Being functionally disabled while outwardly appearing well is problematic. I suffer from multiple chronic illnesses, each of which are either somewhat invisible to the viewer, or relapsing-remitting in their nature.* This has never done much for my credibility when it comes to asking for accommodations, treatment or even sympathy.
Rockin’ a cane in NOLA
It’s strange what a difference a cane can make. I’ve used one for about 15 years now, on and off, but not all the time. Which confuses people. They have seen me (apparently) able-bodied and I’m still relatively young, so they ask “what happened?” Even people who’ve asked me this question before forget the answer. I have arthritis, and have had it for almost 20 years. And even when I’m not using the cane, I have pain and stiffness. The cane is just a tool. And whether I choose to use that tool is often a push-come-to-shove decision.
Because I don’t enjoy the questions. It’s not that I don’t understand people’s basic curiosity and concern, but 20 years of answering the same question can wear on a person. But at the same time it is my own ‘fault’ for not assuming a more clearly defined ‘disabled identity’.
Like a lot of people who have disabilities, I don’t always want to make that my sole identity. I acknowledge that there is a certain amount of privilege in not having to do so. But it is still frustrating when I can’t get a seat on the bus when I really need one. Or get dirty looks for taking the elevator instead of the stairs (or worse, having the only elevator be a wheelchair lift and being too embarrassed to ring for assistance without a wheelchair).
And this goes for my other disabilities as well. The thing about having multiple chronic conditions is that even though separately they might not amount to total disability, their cumulative effects combine to create an unpredictable level of dysfunction. On any given day I face complex physical and mental challenges that can feel too difficult to explain to people, especially strangers.
So I tend to spend a lot of time either not asking for the things I need, or just avoiding situations where I can’t control my environment. I sometimes don’t ask for food and drink when I need it, because access to bathroom facilities is unpredictable. I turn down invitations or leave early because there isn’t adequate seating (or only uncomfortable seating which will end up setting off a flare in my back or neck). Depending on where I’m at mentally, I sometimes can’t handle spaces that are too loud or too crowded. And when it comes to commitments I generally prefer to avoid them because I hate disappointing people when the day comes and it turns out I can’t follow through.
I suppose if I would just ‘accept my lot’ and invest some time in developing my identity as crippled, then people would lower their expectations of me.
But that’s a double-edged sword, isn’t it? The last thing I want is for people to write me off. And I’m not sure I want people to go out of their way all the time to open doors for me, carry things for me, or any of the things which go along with being seen as helpless.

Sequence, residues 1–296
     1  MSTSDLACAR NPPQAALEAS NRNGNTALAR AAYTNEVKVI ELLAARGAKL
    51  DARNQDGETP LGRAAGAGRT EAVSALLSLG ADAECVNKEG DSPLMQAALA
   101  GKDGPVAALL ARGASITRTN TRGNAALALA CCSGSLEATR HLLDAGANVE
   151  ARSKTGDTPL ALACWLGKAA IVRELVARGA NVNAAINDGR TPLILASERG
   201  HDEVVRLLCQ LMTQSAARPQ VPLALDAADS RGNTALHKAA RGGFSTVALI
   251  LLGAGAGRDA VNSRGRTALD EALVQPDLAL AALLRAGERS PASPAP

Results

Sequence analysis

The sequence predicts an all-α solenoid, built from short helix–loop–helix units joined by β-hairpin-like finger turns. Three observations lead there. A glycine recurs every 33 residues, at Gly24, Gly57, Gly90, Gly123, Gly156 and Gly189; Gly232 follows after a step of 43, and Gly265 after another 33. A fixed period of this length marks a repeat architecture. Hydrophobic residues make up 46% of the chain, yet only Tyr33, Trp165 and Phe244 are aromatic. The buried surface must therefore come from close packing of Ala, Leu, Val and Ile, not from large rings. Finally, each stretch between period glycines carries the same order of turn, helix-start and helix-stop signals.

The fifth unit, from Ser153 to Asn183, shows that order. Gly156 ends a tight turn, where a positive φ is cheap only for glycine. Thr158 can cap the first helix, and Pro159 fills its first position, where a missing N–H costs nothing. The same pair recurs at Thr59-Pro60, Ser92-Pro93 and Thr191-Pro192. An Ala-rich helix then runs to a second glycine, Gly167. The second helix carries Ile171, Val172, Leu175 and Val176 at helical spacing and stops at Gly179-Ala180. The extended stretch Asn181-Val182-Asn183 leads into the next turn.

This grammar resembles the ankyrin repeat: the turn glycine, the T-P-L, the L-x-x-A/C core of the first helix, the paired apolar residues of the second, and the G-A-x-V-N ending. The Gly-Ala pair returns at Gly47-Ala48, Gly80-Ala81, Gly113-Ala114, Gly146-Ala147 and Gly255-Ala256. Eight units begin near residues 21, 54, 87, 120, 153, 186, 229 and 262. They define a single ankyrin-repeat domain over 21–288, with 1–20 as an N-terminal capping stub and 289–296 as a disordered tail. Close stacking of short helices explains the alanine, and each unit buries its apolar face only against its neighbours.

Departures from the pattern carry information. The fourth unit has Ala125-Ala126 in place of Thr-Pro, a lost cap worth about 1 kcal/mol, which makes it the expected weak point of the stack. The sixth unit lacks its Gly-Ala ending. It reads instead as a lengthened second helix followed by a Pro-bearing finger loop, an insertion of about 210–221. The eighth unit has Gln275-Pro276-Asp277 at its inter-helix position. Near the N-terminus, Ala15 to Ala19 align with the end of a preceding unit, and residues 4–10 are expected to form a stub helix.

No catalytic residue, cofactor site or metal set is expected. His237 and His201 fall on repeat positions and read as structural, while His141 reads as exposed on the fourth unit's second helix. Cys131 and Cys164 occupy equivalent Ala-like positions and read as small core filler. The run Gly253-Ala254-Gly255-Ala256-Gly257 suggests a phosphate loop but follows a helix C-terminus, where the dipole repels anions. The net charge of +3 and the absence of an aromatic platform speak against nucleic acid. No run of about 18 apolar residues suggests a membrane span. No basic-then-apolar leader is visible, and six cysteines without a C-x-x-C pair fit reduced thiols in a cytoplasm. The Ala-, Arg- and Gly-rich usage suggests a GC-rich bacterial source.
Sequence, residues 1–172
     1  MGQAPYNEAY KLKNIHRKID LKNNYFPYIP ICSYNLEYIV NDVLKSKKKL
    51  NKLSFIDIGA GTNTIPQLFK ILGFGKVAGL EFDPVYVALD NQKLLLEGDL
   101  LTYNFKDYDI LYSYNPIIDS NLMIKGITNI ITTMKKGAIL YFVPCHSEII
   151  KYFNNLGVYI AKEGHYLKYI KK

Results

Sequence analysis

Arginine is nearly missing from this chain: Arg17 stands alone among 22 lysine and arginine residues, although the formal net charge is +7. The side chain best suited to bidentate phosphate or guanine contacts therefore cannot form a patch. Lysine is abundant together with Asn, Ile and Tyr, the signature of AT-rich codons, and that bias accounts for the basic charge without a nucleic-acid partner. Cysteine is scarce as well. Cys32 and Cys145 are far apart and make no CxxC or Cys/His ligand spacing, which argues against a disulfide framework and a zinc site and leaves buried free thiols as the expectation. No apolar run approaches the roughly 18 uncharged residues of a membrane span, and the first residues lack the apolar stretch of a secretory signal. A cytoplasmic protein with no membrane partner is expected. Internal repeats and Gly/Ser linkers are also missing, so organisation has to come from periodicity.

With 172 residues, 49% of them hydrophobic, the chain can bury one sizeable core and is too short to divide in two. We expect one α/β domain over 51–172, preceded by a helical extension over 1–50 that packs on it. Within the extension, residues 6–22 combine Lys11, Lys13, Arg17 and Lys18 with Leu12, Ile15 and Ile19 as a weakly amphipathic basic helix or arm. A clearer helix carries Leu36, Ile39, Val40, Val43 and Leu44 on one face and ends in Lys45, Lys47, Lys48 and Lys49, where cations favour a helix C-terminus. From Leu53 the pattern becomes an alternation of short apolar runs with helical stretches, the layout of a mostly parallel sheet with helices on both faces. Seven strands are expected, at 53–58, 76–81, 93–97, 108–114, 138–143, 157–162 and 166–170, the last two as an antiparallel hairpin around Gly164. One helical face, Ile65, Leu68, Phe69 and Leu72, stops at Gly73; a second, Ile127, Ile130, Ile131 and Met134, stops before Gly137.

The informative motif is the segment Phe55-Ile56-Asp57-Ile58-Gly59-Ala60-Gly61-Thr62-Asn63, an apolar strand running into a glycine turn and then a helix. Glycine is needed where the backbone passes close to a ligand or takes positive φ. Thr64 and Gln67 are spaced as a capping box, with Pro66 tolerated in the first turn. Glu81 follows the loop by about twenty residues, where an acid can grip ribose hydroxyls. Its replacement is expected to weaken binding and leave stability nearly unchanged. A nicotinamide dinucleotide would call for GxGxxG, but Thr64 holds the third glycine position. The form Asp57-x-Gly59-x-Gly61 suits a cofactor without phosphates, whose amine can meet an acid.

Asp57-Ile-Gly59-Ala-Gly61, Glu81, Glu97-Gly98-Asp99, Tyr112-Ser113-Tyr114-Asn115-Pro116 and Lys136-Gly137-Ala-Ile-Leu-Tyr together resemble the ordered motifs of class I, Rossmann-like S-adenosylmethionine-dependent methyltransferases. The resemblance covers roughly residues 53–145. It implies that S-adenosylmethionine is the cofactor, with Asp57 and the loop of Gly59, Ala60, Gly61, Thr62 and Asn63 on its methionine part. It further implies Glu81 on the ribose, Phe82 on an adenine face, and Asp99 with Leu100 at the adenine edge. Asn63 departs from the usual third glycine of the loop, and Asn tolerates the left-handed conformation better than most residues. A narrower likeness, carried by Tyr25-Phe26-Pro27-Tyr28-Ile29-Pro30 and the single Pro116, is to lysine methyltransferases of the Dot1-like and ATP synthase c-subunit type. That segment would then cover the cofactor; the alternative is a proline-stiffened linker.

Except sometimes I do want those things. Sometimes I need those things. The real battle I’m fighting here is with myself.
I still want to control when I’m perceived as disabled.
It’s no wonder that people have a hard time knowing what to do with me.
I guess what I need, in a strange way, is confidence in my disabled identity. For most people, unless they are born with their disability (and maybe even if they are born with it), adjusting to living with chronic illness or physical and mental limitations is a process. And specifically for people whose diagnoses came after long periods of uncertainty about their conditions, there is already a sense of having to ‘prove oneself’. Especially with disabling conditions that are not visible to the naked eye.
I have a lot of emotions associated with being disabled, showing those disabilities and asking for accommodations: Guilt, shame, insecurity, embarrassment, helplessness. They get in the way of me making good choices in terms of self-care and being a good advocate for myself. Of course, I have no problem with speaking up for others in similar circumstances, so it stands to reason that I should be able to do these things for myself.
It is only recently, after being unemployable for several years, and suffering new symptoms which have limited me from doing some of the things I love most, that I have had to face the truth that there is no going back. That I need to make peace with the fact that being disabled is a full-time reality. It is part of my identity whether I like it or not. There is no escaping that fact, and if don’t start exercising better self-care and speaking up for myself when I need to, there are real consequences. I am the one that suffers in pain for days because I sat on the ground for too long or exerted myself physically when I shouldn’t have.
And I need to stop worrying about what other people think about the choices I make. There isn’t going to be time to explain myself to every person who doesn’t perceive me as disabled. And that’s okay. People make judgements about us everyday.
I have to stop trying to manage everyone else’s version of reality and worry about my own.
* What the heck, for the sake of clarity and perspective, here’s a list: Arthritis and joint problems (ankylosing spondylitis, enthesitis, costochondritis, chronic tendonitis and degenerative disk disease); Crohn’s disease with fistulas, ulcerative colitis, and short bowel syndrome (my colon was removed in 1996); bipolar I disorder with mixed episodes and rapid cycling; Asperger’s syndrome; non-insulin-dependent diabetes mellitus; chronic kidney disease; peripheral neuropathy and asthma (and scent-sensitivity).